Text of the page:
We live in a more interconnected world than ever, and we have the unprecedented ability to find out almost instantly about what is going on both in terms of large events and on an individual level anywhere in the world. That being said, if you watch our average nightly news broadcast, you could be forgiven for thinking that very little exists beyond our northern shoreline, and depending on which state you are from and watching the broadcast in, nothing significant goes on beyond your local state border.
Our television stations are taking advantage of the new technology like web news services, blogs, YouTube, etc., to a certain extent, but only seemingly when it applies to the most local issues. Due to the advent of satellite and live video streaming technology, we can know what is happening in the most remote or dangerous places and form truly informed opinions on the major issues around the world. However, we seemingly don’t care.
Watching a recent nightly news broadcast on one of our 3 major networks, the first 15 minutes of coverage included bushfires, crowd violence at the tennis, traffic light outages, power shortages, and a couple of basic human interest pieces. On this same day, 2 of Sadaam Hussein’s top advisors were executed, thousands were killed in Sudan, the EU was facing a major crisis, China was launching a major environmental initiative.
Australia was flagging the possibility of selling Uranium to India, and the list goes on and on. As unsavory as the mini scuffle at the tennis was, it doesn’t compare to genocide in Africa. And that particular issue regarding the crowd brawl at the tennis brings up another point in how quickly we (& our media) are quick to criticize and condemn events that involve people or things that are not “Australian.” At one of the recent one-day international cricket games involving Australia and England.
190 people were arrested and ejected from the game, yet that did not generate anywhere near the television, news, or talkback radio coverage that this comparatively minor incident at the Australian Open or indeed the humble 3 people who were arrested at the unprecedented sell-out domestic soccer match between Melbourne and Sydney in December. It seems that when things involve a more local game like cricket, we are more eager to turn a blind eye.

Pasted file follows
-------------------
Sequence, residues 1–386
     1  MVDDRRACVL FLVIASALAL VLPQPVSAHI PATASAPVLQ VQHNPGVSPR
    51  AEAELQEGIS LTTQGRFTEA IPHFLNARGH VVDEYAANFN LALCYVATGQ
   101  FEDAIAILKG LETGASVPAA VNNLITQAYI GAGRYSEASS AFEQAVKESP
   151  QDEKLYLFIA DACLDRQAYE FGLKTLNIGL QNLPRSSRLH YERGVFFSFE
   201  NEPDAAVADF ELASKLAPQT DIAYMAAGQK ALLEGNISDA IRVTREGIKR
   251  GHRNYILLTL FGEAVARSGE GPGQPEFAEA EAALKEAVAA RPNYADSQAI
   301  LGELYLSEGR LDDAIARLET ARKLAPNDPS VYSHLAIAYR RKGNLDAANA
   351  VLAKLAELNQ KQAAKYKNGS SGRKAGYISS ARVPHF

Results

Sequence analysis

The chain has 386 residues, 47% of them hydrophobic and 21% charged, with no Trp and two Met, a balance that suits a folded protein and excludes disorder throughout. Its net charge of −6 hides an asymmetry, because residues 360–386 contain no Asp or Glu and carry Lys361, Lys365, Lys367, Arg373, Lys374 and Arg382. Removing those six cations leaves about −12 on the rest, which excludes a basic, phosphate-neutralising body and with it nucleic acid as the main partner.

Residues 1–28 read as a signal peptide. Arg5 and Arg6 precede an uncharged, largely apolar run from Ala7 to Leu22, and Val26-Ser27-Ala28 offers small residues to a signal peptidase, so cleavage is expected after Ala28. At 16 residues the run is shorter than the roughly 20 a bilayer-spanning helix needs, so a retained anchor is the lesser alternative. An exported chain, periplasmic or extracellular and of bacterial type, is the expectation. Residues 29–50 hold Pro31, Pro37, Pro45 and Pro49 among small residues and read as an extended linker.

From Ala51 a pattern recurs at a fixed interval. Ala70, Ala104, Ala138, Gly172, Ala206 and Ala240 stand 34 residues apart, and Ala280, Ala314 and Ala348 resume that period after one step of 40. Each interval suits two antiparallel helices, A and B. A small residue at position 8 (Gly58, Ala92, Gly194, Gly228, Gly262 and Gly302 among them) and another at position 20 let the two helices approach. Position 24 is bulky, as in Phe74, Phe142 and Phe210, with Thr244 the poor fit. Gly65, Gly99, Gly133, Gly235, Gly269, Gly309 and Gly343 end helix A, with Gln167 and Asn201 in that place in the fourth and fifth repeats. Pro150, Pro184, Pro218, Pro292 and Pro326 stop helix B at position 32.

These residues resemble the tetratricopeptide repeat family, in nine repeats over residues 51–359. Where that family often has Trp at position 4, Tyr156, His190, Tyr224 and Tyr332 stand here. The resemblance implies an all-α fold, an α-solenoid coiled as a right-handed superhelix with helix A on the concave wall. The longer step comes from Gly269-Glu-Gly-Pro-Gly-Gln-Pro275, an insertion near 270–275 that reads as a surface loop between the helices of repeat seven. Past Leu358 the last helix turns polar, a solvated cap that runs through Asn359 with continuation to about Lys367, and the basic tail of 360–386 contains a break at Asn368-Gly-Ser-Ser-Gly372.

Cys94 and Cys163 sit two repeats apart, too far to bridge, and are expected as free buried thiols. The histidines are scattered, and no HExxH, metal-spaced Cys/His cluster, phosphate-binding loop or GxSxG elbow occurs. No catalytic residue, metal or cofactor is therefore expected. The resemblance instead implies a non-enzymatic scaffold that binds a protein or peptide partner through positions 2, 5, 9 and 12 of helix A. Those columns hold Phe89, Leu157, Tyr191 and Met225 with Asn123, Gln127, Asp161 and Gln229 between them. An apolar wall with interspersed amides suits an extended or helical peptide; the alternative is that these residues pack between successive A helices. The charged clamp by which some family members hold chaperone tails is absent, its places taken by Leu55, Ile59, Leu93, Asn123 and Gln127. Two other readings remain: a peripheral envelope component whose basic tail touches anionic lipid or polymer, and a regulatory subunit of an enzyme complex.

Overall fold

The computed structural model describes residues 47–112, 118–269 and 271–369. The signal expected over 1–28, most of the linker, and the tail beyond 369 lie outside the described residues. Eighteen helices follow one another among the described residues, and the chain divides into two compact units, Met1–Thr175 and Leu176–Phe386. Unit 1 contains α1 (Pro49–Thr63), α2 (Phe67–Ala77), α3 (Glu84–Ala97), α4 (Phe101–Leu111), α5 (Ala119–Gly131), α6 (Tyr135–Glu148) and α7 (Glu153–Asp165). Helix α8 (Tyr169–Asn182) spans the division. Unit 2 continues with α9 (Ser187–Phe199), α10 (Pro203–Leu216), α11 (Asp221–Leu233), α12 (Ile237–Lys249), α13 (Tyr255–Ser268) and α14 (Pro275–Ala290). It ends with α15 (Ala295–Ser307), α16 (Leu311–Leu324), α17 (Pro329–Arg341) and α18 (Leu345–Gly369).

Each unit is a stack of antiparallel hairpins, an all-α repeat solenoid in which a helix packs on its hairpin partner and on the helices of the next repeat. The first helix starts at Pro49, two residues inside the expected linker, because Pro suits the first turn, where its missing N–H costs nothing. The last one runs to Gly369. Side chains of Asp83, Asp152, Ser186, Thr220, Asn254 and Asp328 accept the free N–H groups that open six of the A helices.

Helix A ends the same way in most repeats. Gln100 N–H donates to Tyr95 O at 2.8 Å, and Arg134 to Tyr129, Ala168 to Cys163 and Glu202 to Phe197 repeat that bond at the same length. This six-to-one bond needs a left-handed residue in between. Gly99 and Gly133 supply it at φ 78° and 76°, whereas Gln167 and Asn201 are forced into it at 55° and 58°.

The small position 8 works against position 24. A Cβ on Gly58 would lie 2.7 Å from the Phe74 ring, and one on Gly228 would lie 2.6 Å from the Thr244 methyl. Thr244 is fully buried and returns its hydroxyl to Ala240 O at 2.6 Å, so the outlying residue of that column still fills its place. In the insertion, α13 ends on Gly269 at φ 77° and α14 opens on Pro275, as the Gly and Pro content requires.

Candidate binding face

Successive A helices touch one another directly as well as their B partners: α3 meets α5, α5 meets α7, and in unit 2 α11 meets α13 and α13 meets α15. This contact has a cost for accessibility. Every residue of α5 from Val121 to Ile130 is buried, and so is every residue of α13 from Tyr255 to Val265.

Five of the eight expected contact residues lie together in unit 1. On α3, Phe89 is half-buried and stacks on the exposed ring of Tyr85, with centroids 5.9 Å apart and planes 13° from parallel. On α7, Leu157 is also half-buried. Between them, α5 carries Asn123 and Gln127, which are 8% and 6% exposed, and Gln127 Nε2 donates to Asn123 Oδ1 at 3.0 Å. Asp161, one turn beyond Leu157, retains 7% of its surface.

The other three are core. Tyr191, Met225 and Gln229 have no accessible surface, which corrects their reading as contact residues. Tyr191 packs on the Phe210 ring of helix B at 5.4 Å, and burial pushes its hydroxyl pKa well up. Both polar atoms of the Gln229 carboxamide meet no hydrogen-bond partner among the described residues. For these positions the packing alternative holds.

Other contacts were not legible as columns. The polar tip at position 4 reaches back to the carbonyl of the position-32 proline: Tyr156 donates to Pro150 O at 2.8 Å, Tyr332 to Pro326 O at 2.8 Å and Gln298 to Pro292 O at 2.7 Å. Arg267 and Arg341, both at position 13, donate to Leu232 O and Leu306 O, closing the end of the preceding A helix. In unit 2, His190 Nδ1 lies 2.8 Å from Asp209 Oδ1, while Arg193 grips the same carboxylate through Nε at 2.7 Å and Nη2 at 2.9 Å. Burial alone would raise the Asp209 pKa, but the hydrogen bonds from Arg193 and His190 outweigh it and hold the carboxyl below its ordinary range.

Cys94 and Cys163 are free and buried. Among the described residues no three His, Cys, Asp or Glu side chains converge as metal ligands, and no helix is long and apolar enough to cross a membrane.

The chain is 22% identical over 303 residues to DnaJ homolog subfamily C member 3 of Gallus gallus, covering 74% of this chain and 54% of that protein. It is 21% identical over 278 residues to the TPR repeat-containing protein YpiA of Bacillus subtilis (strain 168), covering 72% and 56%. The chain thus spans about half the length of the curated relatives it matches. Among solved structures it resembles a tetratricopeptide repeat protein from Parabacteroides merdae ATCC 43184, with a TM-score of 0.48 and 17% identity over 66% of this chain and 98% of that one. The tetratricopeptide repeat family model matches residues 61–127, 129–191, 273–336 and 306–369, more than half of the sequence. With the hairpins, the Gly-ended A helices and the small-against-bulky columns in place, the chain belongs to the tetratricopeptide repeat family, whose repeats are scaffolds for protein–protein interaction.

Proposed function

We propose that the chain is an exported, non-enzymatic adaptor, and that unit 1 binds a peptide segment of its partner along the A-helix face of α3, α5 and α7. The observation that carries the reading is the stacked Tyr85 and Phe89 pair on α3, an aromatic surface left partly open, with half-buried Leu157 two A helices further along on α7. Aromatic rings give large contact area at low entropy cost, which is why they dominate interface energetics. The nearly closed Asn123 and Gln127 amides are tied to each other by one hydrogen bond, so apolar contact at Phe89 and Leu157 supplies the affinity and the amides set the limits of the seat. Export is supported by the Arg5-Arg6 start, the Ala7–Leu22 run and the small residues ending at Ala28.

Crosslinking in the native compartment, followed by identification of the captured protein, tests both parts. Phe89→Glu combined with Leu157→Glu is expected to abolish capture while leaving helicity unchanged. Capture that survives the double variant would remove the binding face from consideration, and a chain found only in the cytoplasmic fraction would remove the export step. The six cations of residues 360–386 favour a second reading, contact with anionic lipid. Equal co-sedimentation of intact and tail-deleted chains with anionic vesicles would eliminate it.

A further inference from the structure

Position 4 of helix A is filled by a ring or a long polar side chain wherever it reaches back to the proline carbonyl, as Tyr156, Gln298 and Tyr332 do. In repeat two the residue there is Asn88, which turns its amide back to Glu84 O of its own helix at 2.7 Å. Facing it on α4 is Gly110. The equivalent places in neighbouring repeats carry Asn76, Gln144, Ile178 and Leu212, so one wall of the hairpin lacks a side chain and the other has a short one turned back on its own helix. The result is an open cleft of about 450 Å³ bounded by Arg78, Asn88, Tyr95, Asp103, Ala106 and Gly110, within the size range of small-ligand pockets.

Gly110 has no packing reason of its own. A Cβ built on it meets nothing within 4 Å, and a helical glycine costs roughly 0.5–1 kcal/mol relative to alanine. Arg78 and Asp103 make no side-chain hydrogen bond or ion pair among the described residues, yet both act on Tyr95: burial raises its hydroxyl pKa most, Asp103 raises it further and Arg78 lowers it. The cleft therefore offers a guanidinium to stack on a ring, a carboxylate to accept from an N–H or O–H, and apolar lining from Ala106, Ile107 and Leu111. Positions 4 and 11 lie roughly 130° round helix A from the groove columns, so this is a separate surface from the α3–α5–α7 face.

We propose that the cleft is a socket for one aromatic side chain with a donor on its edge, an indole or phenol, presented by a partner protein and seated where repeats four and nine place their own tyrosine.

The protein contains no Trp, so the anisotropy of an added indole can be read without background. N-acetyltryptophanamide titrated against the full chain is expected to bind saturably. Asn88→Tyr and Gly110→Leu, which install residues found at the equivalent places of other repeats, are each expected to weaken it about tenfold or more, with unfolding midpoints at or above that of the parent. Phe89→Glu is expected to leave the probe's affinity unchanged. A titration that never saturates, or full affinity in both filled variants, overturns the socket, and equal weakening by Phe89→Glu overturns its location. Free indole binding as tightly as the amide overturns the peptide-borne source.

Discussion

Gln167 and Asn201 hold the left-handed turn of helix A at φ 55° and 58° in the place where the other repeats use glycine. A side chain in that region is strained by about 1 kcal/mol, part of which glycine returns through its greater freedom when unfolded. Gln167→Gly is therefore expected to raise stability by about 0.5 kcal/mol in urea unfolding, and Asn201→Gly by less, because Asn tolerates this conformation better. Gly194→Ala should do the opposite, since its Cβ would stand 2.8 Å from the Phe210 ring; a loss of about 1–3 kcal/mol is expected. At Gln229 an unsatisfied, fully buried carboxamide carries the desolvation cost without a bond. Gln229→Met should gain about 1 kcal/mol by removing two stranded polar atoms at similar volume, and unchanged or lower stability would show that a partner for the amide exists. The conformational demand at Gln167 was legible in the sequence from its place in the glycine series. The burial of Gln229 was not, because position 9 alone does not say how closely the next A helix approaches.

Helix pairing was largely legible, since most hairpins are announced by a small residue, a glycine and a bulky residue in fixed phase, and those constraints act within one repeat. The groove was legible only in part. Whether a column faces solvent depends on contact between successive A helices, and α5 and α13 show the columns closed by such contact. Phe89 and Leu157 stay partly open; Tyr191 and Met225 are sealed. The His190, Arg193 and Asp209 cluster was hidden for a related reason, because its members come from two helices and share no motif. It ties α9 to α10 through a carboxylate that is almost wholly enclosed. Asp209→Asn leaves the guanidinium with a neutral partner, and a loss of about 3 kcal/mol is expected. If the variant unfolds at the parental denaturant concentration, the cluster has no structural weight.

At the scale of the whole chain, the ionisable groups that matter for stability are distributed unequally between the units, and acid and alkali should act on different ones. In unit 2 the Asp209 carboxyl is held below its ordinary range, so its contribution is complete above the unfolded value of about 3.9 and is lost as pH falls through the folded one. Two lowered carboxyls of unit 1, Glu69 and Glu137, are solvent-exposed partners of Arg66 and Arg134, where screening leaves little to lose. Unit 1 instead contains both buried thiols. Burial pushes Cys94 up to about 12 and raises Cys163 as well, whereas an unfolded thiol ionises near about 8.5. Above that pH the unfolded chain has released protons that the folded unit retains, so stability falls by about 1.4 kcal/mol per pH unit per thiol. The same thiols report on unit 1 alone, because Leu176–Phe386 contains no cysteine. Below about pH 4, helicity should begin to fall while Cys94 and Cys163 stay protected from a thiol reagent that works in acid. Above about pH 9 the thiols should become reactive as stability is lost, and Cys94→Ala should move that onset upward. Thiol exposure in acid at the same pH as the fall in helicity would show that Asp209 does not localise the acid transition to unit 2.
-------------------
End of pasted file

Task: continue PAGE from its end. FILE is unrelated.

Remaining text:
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However, it is our apathy, despite the numerous advantages we have over all our ancestors, even ones as recent as 10 years ago, that is most concerning. While if you browse the videos of YouTube, you can view first accounts of not just horrors but some of the major achievements and milestones all over the world, you are extremely unlikely to see any of this on any of our commercial networks unless it has some connection to Australia.
We have a spare couple of minutes to fill in, or if it such a huge story that it demands airtime or newspaper space. The one news service we have that devotes itself to the most significant stories regardless of country of origin, the SBS World News, doesn’t rate well as we are more concerned about what our hidden camera technology show people doing in change rooms on the current affair shows or the latest romance and break up on Neighbours.
At least now that we have so many media sources to choose from because of the Internet, people who truly do care about real issues both home and abroad can access this information easily via YouTube or Web News Services & Blogs and not be a slave to the inane and largely insignificant coverage of our commercial networks. Hopefully, it may not be long before YouTube outrates Channel 9 news and Google News Services has a greater readership than the Herald Sun.